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I have a web server hosted in the network. It has a domain name registered. However, I also host a DNS server for the LAN. So, when someone wants to access the web server, it would check the DNS server and use the internal address 192.168.x.x. The web server's public address is 203.x.x.x.

When my computer is working fine, I would ping or try nslookup www.mydomain.com. Both points to 192.168.x.x which is internal address. Sometimes, I or someone could not access www.mydomain.com. When I check, nslookup returns the internal address. But when I ping, it would try to connect using the public address like this.

Pinging www.mydomain.com [203.x.x.x] with 32 bytes of data:

If that happens, repairing the connection mostly help. Sometimes, the workstation (Win XP) has to be restarted. In DNS settings of the workstations, primary DNS points to the DNS Sserver and secondary DNS points to ISP DNS server.

What I want to know is the cause of this problem and prevention from it? Or a better fix than my current ones. Thanks

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2 Answers 2

up vote 7 down vote accepted

You've configured the client to lookup against your internal DNS for its primary, and an external DNS server as a secondary? You have a race condition; if the internal DNS happens to be too slow to respond, then the client gets an unusable response from the public DNS server. ping is using the cached response from the lookup against the external DNS server, while nslookup sends a fresh request that gets a valid response from your internal DNS server.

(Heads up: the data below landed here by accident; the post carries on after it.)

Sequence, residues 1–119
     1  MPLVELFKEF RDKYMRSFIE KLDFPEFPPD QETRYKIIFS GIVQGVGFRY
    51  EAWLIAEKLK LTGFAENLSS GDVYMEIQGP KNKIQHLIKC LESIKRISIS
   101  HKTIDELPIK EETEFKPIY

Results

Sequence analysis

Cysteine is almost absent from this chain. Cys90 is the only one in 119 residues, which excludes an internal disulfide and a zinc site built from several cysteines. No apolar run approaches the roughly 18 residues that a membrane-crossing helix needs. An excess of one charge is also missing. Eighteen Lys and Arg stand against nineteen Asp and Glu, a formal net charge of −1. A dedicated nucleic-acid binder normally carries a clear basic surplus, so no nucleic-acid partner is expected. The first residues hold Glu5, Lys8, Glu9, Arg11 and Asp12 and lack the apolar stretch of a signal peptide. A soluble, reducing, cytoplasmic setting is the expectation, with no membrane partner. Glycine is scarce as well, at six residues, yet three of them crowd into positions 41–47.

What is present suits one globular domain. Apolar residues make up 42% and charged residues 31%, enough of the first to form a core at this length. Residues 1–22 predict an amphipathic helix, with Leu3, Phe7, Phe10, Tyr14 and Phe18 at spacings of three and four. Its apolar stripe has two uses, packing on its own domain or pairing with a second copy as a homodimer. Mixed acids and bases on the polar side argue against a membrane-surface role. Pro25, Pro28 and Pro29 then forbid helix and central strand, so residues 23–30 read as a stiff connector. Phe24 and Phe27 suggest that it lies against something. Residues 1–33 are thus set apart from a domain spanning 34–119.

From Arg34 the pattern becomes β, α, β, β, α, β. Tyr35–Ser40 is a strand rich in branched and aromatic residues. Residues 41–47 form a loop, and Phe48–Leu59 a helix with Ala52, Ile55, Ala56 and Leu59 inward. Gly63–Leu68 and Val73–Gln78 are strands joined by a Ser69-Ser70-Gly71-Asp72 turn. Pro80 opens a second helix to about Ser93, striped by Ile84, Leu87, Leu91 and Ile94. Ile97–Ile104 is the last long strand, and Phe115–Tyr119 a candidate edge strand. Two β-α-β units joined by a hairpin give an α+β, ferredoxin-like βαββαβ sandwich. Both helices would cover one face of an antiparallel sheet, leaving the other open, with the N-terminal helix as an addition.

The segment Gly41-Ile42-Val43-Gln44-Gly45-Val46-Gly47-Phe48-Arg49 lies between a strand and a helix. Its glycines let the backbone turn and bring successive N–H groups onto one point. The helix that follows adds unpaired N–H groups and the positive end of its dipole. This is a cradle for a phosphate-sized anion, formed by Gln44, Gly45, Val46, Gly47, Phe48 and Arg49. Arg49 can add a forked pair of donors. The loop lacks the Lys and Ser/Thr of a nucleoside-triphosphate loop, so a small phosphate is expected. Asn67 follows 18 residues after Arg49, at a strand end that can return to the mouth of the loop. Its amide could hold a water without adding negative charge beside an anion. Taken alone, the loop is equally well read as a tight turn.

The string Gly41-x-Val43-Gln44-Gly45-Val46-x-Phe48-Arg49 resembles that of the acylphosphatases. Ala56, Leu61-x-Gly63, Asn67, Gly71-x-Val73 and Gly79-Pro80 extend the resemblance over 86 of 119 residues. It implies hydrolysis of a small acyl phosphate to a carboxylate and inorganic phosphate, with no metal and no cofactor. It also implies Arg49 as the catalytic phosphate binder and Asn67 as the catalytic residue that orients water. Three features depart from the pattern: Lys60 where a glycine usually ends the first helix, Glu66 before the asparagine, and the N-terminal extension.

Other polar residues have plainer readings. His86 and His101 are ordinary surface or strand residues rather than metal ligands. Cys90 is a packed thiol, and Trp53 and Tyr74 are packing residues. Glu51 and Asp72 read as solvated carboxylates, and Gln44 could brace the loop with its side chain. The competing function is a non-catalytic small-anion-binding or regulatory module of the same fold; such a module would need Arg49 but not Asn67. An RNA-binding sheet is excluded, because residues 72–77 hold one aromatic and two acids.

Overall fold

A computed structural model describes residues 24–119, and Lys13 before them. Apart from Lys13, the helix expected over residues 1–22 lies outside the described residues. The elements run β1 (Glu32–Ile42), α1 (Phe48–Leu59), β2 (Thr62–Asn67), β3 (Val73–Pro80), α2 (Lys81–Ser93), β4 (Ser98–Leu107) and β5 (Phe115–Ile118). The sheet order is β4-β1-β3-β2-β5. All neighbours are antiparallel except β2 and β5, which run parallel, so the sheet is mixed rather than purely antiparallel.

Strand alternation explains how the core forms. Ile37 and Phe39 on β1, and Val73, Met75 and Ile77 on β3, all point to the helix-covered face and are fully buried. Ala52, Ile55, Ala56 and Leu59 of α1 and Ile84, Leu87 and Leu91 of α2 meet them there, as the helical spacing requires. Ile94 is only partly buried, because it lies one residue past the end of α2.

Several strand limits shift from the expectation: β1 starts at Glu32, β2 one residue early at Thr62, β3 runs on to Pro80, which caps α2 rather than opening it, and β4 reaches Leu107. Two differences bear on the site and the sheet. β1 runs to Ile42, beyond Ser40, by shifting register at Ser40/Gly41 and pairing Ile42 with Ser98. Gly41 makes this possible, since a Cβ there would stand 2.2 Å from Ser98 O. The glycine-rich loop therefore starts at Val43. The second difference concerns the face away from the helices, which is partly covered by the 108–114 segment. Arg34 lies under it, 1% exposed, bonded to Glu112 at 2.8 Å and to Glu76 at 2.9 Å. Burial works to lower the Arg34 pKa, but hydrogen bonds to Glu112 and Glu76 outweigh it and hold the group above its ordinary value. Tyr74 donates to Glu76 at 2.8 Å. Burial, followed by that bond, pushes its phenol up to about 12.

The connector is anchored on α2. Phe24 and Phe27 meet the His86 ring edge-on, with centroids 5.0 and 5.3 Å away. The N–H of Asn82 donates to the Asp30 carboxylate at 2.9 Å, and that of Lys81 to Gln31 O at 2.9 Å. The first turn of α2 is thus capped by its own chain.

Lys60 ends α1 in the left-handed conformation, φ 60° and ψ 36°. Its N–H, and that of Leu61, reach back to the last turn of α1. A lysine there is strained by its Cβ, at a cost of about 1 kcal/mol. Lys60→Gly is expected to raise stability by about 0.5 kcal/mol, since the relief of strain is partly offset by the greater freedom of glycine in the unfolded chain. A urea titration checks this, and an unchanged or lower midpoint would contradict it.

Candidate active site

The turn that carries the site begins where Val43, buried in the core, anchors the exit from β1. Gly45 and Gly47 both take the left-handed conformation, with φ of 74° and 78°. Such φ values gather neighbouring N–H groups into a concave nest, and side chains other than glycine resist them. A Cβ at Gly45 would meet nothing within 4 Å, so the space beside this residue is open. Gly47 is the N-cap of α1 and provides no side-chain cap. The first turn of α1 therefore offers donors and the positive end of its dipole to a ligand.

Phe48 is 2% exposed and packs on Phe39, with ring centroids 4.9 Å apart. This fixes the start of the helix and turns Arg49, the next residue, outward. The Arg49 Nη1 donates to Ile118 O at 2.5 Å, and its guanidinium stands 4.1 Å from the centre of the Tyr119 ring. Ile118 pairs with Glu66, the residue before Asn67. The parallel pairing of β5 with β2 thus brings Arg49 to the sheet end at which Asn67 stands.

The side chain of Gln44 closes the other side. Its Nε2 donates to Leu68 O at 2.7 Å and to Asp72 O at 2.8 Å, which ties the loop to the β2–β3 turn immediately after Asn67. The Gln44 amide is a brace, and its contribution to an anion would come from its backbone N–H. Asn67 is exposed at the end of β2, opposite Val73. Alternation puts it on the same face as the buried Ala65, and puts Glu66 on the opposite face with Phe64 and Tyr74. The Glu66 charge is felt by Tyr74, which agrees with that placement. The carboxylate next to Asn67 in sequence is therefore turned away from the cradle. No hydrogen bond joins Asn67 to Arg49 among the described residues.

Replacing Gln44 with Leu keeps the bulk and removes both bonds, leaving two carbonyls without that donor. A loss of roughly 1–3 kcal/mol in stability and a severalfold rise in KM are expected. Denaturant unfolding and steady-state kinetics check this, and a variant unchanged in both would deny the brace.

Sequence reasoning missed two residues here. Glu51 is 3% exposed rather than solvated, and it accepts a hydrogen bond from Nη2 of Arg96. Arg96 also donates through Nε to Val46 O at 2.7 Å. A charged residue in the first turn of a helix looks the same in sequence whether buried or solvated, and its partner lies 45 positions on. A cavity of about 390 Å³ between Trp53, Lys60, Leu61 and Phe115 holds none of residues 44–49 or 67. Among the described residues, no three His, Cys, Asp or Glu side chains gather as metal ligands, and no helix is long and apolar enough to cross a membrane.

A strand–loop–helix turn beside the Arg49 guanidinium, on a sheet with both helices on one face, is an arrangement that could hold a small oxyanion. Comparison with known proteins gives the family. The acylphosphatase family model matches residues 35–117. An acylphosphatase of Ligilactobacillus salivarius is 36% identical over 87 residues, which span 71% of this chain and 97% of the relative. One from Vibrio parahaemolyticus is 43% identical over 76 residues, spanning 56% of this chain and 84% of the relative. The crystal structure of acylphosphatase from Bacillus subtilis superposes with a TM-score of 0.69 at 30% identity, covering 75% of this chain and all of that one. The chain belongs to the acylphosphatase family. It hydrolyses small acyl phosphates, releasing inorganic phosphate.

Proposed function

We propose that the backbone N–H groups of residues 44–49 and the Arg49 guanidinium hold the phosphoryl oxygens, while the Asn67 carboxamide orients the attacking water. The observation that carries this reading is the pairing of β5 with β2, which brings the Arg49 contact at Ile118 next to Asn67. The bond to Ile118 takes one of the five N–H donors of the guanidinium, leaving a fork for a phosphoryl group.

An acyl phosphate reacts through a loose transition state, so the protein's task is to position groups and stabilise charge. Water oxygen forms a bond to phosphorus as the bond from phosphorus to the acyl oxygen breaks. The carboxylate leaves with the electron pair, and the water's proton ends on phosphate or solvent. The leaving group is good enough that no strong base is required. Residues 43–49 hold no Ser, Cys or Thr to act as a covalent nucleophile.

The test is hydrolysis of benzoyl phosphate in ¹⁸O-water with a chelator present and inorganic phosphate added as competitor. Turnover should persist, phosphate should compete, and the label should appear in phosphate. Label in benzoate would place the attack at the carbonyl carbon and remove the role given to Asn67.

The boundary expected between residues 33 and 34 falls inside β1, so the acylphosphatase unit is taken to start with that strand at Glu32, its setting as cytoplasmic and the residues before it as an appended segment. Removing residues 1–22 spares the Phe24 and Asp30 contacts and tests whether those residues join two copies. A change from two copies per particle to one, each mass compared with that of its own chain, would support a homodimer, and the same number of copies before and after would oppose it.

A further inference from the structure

Having inconsistent views of DNS between your primary and secondary servers is bound to cause problems like this. Instead, either stand up a second internal DNS server and use it as secondary, or configure the client with no secondary DNS server at all.

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Thank you. I have limited budget to have another DNS server. My current DNS server is running on Windows. For the secondary one, could I host it on bind using Ubuntu (or any free Linux distribution)? Is there a guide for doing so? –  h82 Jul 26 '12 at 7:22
1  
@h82 You could set up a second DNS server on BIND as a slave, yes, but it's probably simpler and easier for you to set up your DNS replica as a second Windows system, especially if DNS is active directory integrated. If you're set on going down this path, googling for "ubuntu bind slave" turns up some good options, just keep in mind that the steps those guides have for configuring the master to allow zone transfers to the slave will need to be translated to the equivalents for your Windows system. –  Shane Madden Jul 26 '12 at 16:04

This problem is caused by your using RFC1918 private addresses inside your internal network. As a result, you have to access the server using one address while on one side of the network and a different address on the other.

The short-term solution to this is to implement split-horizon DNS. This provides you consistent DNS entries within the network and without.

The long-term solution to this is to implement IPv6, in which you will have the same address for the server regardless of whether you're internal or external.

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Thanks for the help. IPv6 would be a nice standard once I am able to use it. –  h82 Jul 26 '12 at 7:25

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